Updated: Jan 21
DISCLAIMER: This article was based on an academic paper and does not necessarily reflect Zoe Helene's views on Psychedelic Feminism Initially developed by cultural activist Zoe Helene, Psychedelic Feminism describes the ways psychedelic psycho-spiritual practices can help with women empowerment, healing, and self-liberation.
In order to really understand what Psychedelic Feminism is, the first things we need to know is that it is grounded in three strands of feminism: ecofeminism, third-wave feminism, and the French feminist idea of écriture féminine. In this article, we will share brief explanations to help you learn more about them.
The sub-genre of Psychedelic Feminism
Zoe Helene is an artist, environmentalist, and cultural activist who advocates for personal and spiritual growth through psychedelic experiences. She founded Cosmic Sister, an environmental feminist educational advocacy group, and describes Psychedelic Feminism as “a sub-genre of feminism that embraces the transformational and inspirational power of psychedelic healing, transformation, self-liberation, and mind/body/spirit exploration in altered states of consciousness - [and] encourages women to explore the wilderness within, where they can learn more deeply about themselves, in part to face core feminist issues in fresh and exciting ways.”
The starting point to define psychedelic feminism is the practice of women harnessing psychedelic experiences to explore, transform, and empower themselves. This may involve the consumption of psychedelic substances or other practices that can induce psychedelic states that invoke the sense of radical interconnectedness often present in psychedelic experiences. This inherent feminist nature of psychedelic experiences is the foundation of what constitutes Psychedelic Feminism.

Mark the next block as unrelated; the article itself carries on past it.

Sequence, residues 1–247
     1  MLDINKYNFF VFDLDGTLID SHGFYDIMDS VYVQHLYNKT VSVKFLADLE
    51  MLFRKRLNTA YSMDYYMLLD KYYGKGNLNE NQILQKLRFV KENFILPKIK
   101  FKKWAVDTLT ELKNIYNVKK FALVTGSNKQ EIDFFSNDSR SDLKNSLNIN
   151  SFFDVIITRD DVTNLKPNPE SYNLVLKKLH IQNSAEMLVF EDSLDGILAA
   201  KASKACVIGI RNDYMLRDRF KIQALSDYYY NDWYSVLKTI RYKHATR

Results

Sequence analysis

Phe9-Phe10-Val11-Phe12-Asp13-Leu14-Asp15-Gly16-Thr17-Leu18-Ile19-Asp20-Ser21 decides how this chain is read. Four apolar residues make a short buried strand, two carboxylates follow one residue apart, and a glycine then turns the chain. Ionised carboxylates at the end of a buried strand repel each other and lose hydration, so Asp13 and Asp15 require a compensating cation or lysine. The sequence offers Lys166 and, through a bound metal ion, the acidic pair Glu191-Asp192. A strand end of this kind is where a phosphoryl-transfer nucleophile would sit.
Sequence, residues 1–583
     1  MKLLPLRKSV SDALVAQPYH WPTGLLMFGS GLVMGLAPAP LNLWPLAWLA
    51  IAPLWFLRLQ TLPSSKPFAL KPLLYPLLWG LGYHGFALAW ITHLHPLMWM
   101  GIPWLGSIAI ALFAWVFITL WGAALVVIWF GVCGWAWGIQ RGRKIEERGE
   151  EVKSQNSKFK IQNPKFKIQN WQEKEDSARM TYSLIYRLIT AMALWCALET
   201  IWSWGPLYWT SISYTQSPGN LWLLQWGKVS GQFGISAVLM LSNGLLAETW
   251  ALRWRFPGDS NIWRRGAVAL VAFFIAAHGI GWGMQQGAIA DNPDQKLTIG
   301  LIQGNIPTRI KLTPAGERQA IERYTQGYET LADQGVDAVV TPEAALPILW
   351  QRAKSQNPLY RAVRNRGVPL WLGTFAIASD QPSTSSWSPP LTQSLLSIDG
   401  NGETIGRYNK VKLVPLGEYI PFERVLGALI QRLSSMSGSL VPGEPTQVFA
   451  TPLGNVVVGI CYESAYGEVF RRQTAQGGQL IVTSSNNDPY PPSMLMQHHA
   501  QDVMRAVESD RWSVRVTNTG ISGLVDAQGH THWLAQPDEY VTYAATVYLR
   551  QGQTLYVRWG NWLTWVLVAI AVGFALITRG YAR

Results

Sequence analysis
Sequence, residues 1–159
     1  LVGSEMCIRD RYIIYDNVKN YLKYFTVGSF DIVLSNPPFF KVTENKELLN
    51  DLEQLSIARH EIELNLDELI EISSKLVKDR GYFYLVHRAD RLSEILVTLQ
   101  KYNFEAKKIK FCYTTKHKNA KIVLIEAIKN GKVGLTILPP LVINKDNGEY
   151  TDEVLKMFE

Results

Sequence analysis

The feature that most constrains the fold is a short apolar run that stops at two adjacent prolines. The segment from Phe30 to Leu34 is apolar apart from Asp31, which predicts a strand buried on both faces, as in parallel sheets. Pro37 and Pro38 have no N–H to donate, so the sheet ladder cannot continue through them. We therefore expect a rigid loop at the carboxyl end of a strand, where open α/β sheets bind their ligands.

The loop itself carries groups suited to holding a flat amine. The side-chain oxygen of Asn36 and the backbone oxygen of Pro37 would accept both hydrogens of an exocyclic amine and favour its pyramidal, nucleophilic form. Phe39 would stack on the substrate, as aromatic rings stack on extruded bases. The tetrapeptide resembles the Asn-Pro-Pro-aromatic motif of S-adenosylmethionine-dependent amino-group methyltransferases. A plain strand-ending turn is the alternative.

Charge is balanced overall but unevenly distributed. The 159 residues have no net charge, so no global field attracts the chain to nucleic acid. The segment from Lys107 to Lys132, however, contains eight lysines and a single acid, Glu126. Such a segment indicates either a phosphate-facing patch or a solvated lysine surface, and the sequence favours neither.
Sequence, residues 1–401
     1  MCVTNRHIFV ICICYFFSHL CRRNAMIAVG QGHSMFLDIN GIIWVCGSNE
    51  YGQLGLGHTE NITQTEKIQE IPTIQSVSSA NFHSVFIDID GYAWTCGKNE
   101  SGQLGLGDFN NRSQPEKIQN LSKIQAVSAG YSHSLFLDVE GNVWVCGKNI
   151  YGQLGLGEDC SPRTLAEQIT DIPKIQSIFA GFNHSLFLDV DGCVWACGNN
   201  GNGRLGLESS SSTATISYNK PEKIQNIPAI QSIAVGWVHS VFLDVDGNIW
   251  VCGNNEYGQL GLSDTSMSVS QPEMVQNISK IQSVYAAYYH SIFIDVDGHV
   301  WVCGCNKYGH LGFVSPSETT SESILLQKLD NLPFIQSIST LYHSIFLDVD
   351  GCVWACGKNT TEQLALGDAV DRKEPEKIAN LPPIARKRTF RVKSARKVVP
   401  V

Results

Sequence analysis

Patriarchy is a social system in which men hold primary power and predominate in roles of political leadership, moral authority, social privilege, and control of property. In 1952, Simone de Beauvoir recognized that the logic of patriarchy is based on the exploitation and degradation of the natural world, and the subordination and oppression of women.
Ecofeminism calls for a “unification of feminist and ecological interest in a vision of a society transformed from values of possession, conquest, and accumulation to [the values of] reciprocity, harmony and mutual interdependency ”. It is based on a non-hierarchical, democratic vision, that recognizes that humans have no exceptional place in nature and exist within a moral framework that includes the earth, plants, animals. Humans are not on the top of the system but they are as equally important parts of the ecosystem as the other living beings.
A core principle of ecofeminism is that there is a consistent logic of domination that exploits nature for its resources, and simultaneously oppresses people by associating them with nature based on gender, class, race, sexuality, and physical disability.
Therefore, ecofeminism focuses on caring, trusting, and being reciprocal, while also understanding ourselves in relation to others, whether they are human or nonhuman.
Understanding the Third-wave Feminism
The third-wave feminism emphasizes inclusiveness and diversity and, like ecofeminism, values subjectivity. Third-wave feminists proclaim themselves as the most inclusive wave of feminism and hold the belief that a woman has the agency to create herself as she wishes.
Third-wave feminism rejects ideological rigidity. The movement aims to be accessible to nonacademics and inclusive of all classes, races, and gender-fluid individuals. It also often seeks to highlight individual differences and personal narratives with the goal of embracing diversity.
Understanding Écriture Féminine
Écriture féminine, or "women's writing" is a term coined by French feminist and literary theorist Hélène Cixous in order to establish a genre of literary writing that deviates from traditional masculine styles of writing.